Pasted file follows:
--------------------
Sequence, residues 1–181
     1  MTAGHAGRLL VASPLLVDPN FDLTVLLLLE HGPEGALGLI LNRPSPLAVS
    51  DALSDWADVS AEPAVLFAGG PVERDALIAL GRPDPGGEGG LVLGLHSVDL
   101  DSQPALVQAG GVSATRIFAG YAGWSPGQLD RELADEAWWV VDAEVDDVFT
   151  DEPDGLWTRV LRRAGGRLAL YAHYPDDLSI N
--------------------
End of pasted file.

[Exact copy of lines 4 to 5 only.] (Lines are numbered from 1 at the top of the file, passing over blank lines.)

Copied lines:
   101  DSQPALVQAG GVSATRIFAG YAGWSPGQLD RELADEAWWV VDAEVDDVFT
   151  DEPDGLWTRV LRRAGGRLAL YAHYPDDLSI N